Linux vs FreeBSD clusters (was: how are the Redhat product changes affecting existing and future plans?)

Robert G. Brown rgb at phy.duke.edu
Mon Nov 10 07:30:13 EST 2003


On Sun, 9 Nov 2003, Arthur H. Edwards wrote:

> 
> It is interesting because one of the initial attractions for Debian
> was its organization of libraries and configuration files. Afer RH, it
> seemed totally transparent. I guess this is just a matter of personal
> taste. I would be surprised, though, if after trying apt-get, you
> could ever go back to the rpm model.
> 
> Art

It isn't "the rpm model" -- in both cases the packaging and metadata are
adequate. Comparing apt to rpm is apples to oranges -- apt-get is a
toplevel toolset to extract and resolve dependencies from the debian
packages and use them to retrieve and install package(s) and their
entire consistent dependency trees, by revision.

The problem is that in the past there has been no comparable toolset for
RPM packages and all the distributions that rely on them.  For the last
two or three years, there has been (first yup, now yum).  It, too, is
"totally transparent" and has, arguably features that some
administrators might prefer (including considerable and increasingly
fine-grained control over their own, local, repository images).

Whether or not you've looked at yum and tried yum and compared yum's
operation and features to apt, the existence of choices appears to be a
good thing, as does "competition" of sorts (the friendly, slightly
religious sort that tends to exist in the open source world:-).  I know
yum's primary developers quite well (since they work about fifty meters
away from my office in the same building:-) and they are very, very
dedicated and not at all religiously inclined towards Red Hat per se.
Yum has been successfully used to make RPM-based repositories for just
about all the primary RPM linux distributions, and I believe that people
have even used it to distribute/maintain RPMs on Solaris boxes.  At this
particular moment, I think that yum makes RH (or if you prefer, Fedora)
slightly preferrable to Debian in a scaled/automated LAN installation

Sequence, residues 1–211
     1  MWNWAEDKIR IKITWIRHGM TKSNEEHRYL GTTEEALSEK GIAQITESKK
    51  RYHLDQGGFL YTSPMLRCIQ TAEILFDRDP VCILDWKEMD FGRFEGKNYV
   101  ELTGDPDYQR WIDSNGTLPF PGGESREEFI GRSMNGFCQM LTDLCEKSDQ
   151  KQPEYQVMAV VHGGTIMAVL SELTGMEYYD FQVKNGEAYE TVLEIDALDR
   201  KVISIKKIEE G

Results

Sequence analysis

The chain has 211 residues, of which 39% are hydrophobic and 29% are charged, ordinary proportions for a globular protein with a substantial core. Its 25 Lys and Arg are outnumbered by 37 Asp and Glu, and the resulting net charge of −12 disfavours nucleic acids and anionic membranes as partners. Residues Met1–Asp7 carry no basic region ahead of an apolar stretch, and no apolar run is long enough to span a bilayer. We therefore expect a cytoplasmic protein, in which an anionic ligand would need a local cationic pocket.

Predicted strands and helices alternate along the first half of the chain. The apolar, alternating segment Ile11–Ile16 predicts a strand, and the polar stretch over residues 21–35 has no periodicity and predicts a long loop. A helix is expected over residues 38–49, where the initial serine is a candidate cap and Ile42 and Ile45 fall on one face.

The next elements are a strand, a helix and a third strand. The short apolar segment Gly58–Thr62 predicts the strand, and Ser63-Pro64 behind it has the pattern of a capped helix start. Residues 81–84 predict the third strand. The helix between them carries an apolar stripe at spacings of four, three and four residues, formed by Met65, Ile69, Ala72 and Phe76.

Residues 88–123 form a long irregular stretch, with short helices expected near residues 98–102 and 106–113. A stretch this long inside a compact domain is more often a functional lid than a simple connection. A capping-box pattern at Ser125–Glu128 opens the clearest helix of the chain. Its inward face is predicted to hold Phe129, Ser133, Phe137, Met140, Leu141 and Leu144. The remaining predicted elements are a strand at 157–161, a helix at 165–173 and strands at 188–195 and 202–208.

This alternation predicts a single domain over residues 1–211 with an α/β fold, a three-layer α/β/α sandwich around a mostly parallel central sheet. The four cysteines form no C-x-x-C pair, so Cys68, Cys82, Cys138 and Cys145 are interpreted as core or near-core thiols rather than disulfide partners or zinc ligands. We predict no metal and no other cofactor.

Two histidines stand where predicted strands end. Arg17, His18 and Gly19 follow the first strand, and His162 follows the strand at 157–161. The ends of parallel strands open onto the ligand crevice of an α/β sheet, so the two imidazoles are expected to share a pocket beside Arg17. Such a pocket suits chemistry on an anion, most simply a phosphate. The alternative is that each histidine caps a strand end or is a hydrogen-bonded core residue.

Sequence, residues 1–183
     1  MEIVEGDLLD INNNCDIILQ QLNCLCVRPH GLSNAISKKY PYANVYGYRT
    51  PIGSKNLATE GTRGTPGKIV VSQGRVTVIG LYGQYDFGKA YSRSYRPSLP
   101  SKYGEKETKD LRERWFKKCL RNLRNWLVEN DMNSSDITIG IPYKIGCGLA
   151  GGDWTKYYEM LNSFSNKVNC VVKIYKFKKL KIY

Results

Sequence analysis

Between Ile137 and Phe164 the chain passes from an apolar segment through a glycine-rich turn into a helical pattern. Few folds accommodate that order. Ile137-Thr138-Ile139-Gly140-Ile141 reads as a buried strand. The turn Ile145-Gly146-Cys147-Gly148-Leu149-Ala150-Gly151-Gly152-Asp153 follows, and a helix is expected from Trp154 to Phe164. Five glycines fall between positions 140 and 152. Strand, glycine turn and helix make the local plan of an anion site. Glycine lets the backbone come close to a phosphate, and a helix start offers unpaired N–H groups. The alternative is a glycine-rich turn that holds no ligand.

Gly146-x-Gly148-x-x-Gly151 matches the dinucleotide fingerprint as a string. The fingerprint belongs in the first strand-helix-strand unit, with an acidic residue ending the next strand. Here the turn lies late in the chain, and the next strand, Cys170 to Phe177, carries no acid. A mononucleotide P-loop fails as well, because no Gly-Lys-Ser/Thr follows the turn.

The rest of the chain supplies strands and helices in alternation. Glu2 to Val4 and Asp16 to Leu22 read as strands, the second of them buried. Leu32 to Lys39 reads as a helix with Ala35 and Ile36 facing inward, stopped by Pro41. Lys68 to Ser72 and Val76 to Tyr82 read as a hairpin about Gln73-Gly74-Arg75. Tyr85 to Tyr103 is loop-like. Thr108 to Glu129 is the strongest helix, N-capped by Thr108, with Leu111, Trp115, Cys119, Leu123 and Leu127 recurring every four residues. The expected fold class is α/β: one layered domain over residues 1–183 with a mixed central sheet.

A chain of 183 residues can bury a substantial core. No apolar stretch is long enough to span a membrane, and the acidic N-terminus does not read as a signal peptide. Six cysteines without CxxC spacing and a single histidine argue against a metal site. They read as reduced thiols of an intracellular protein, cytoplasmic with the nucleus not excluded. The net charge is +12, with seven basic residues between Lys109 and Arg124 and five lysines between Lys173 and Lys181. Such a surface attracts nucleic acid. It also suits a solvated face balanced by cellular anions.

because both effectively automaintain after installation, but RH/Fedora
permits the easy use of PXE/kickstart.  Kickstart, after all, is (IMO)
the reason RH maintained its dominance in spite of the otherwise pain of
manipulating RPMs compared to Debian, and the reason it remained
dominant among RPM-based distros as well.

In part because of its existence, there is actually some talk of coming
up with a rational unification of linux packaging schemes, reviewing and
getting rid of package features that have proven to be more Evil than
Good over the years, developing an XML schema, and lots of other good
things that might actually reduce the "us and them" barriers for linux
in general.  I personally think that this would be a good thing.  As
Mark has been saying -- most of us are religious about open source,
stability, functionality, but at best we are "used" to particular
distributions and could be convinced to change fairly easily if
advantages associated with the change outweighed the hassle of learning
something new.

  rgb

-- 
Robert G. Brown	                       http://www.phy.duke.edu/~rgb/
Duke University Dept. of Physics, Box 90305
Durham, N.C. 27708-0305
Phone: 1-919-660-2567  Fax: 919-660-2525     email:rgb at phy.duke.edu



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